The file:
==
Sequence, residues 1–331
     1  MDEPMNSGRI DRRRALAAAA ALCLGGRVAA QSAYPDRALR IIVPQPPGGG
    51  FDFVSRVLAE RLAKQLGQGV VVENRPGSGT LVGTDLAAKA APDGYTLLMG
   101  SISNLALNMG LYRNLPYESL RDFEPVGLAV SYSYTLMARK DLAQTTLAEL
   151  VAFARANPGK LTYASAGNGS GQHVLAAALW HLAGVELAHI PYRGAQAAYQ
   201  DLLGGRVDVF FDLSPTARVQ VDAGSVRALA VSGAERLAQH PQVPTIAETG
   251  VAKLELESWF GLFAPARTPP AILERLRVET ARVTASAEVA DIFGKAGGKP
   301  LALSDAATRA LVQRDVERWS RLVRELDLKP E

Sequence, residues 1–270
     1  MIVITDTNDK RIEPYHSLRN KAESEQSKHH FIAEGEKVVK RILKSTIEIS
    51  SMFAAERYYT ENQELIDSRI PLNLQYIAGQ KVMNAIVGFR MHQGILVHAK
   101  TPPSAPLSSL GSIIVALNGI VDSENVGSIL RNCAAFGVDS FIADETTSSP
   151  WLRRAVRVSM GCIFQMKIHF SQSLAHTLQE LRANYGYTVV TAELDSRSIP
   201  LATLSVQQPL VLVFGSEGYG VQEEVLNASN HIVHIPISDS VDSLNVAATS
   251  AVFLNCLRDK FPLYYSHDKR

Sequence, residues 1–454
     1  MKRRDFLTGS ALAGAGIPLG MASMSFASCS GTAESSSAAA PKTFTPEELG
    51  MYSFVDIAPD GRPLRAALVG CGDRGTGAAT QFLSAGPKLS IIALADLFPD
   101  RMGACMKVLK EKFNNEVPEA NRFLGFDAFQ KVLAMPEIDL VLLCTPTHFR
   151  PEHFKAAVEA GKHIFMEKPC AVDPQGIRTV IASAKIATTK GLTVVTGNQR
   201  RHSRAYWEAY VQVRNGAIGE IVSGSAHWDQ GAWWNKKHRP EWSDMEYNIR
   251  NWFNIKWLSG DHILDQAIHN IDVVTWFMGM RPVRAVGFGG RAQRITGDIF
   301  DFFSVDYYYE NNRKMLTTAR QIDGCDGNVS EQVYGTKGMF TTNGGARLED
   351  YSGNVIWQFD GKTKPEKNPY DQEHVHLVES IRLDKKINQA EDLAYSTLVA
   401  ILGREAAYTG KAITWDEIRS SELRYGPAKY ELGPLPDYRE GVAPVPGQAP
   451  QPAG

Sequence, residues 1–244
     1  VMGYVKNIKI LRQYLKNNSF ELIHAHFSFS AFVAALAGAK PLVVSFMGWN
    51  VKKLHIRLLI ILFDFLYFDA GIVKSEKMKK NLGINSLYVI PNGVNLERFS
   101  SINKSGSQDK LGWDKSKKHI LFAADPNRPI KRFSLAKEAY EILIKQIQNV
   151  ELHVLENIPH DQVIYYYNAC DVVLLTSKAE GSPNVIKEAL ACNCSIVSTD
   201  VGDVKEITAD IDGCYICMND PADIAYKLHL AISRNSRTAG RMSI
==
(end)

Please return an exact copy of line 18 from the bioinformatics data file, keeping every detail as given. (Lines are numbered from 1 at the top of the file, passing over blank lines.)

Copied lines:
    51  MYSFVDIAPD GRPLRAALVG CGDRGTGAAT QFLSAGPKLS IIALADLFPD